We have a debt and deficit crisis that grows deeper every single day. We have an economy that continues to struggle: Unemployment hovers at near 8 percent, and far too many Americans are unable to make ends meet. We have out-of-control health care costs and an overly complex tax code that makes American businesses uncompetitive in the global marketplace. We need a comprehensive strategy for energy independence, one that protects our fragile environment while at the same time protecting American workers. We have a crumbling infrastructure and an education system that is leaving far too many children behind.
None of the challenges will simply go away on their own, and another political campaign cycle will not get us any closer to common-sense solutions to this myriad of issues.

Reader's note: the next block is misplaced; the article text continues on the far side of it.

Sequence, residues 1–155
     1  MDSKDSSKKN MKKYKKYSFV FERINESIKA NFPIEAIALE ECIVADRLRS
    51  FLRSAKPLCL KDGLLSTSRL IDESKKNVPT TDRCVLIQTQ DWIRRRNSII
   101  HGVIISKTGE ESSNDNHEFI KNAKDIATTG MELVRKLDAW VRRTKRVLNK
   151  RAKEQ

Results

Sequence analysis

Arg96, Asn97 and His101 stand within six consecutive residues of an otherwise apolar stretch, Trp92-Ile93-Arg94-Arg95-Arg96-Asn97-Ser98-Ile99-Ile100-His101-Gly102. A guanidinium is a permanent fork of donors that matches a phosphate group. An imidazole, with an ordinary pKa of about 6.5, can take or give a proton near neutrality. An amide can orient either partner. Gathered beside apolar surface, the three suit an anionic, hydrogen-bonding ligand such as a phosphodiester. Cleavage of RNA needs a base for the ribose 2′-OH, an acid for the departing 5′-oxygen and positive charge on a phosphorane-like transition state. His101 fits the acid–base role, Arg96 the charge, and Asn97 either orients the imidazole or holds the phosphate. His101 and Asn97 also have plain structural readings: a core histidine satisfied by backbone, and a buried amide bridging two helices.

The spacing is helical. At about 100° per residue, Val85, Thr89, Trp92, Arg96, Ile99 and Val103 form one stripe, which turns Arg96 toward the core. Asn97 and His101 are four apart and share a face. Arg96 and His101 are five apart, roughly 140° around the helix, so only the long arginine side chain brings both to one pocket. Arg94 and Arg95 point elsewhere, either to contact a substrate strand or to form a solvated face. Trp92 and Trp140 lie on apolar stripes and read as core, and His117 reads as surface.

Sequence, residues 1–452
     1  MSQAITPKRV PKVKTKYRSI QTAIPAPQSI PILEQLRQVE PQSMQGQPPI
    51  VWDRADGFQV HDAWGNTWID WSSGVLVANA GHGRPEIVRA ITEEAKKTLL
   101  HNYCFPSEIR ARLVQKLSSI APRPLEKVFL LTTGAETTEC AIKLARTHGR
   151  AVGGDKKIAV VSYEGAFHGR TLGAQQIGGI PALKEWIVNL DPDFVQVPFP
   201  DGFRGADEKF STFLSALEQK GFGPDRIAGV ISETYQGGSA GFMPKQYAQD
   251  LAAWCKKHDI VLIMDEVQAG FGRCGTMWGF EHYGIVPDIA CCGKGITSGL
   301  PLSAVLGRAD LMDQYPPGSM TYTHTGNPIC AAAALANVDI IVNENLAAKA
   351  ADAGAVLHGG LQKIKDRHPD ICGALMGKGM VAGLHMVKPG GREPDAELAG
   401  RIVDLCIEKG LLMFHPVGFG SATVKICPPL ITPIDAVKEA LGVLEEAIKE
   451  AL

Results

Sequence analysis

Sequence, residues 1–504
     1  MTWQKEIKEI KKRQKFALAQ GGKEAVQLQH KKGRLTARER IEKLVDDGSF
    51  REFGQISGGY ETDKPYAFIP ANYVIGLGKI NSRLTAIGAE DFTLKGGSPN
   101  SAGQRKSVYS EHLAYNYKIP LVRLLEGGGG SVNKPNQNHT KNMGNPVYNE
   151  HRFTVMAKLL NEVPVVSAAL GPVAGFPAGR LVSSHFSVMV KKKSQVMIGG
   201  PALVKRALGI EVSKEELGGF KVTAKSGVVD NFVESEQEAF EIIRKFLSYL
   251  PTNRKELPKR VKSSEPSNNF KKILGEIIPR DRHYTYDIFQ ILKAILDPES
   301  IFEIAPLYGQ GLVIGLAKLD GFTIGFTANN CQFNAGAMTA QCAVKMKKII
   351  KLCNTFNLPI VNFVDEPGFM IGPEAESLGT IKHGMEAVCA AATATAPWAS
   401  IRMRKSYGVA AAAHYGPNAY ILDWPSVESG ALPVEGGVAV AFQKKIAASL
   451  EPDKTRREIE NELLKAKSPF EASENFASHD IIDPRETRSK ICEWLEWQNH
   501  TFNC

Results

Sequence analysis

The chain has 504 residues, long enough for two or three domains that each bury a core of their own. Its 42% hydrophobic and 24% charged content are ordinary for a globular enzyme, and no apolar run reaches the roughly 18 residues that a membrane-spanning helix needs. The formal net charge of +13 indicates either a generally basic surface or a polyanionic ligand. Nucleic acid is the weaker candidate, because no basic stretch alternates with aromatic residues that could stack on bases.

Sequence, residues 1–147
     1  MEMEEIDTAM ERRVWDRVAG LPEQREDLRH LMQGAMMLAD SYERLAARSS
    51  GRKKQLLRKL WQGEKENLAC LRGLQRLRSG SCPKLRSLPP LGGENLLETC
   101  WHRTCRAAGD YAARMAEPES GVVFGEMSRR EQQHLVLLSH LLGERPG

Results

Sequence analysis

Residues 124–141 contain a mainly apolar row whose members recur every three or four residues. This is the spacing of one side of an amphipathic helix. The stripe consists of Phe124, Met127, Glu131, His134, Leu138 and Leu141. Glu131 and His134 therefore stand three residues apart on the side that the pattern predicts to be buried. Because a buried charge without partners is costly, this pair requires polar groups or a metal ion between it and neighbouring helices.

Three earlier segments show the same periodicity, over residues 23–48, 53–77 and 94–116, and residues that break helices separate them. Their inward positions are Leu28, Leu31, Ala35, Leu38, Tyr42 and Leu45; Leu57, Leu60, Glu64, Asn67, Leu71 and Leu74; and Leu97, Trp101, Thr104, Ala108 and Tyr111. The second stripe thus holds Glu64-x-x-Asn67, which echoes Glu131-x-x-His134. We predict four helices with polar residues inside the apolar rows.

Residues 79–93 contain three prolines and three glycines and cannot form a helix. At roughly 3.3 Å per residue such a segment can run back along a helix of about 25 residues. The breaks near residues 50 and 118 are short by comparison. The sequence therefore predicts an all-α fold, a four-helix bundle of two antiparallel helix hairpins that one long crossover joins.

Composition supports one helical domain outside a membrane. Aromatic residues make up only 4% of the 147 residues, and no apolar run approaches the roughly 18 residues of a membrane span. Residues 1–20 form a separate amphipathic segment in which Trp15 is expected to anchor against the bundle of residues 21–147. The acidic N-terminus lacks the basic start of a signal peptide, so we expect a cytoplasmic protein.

There are members of both parties who want to end the constant campaign cycle, who want Washington to get back to the work of governing. If Obama chooses cooperation and compromise over constant campaigning, he will find willing partners in both parties and in both chambers.
President Obama, the choice is yours.
Former Rep. Steve LaTourette, R-Ohio, is president of the Republican Main Street Partnership.
On January 3, Sen. Kirsten Gillibrand, D-N.Y., raises her right hand as her son Henry messes up her hair while Vice President Joseph R. Biden Jr., delivers the ceremonial swearing-in in the Old Senate Chamber. Gillibrand's other son Theodore, lower right, looks on.
Each year since 1990, CQ Roll Call has reviewed the financial disclosures of all 541 senators, representatives and delegates to determine the 50 richest members of Congress. This year's report, derived from forms covering the calendar year 2012, shows it took a net worth of $6.67 million to crack the exclusive club.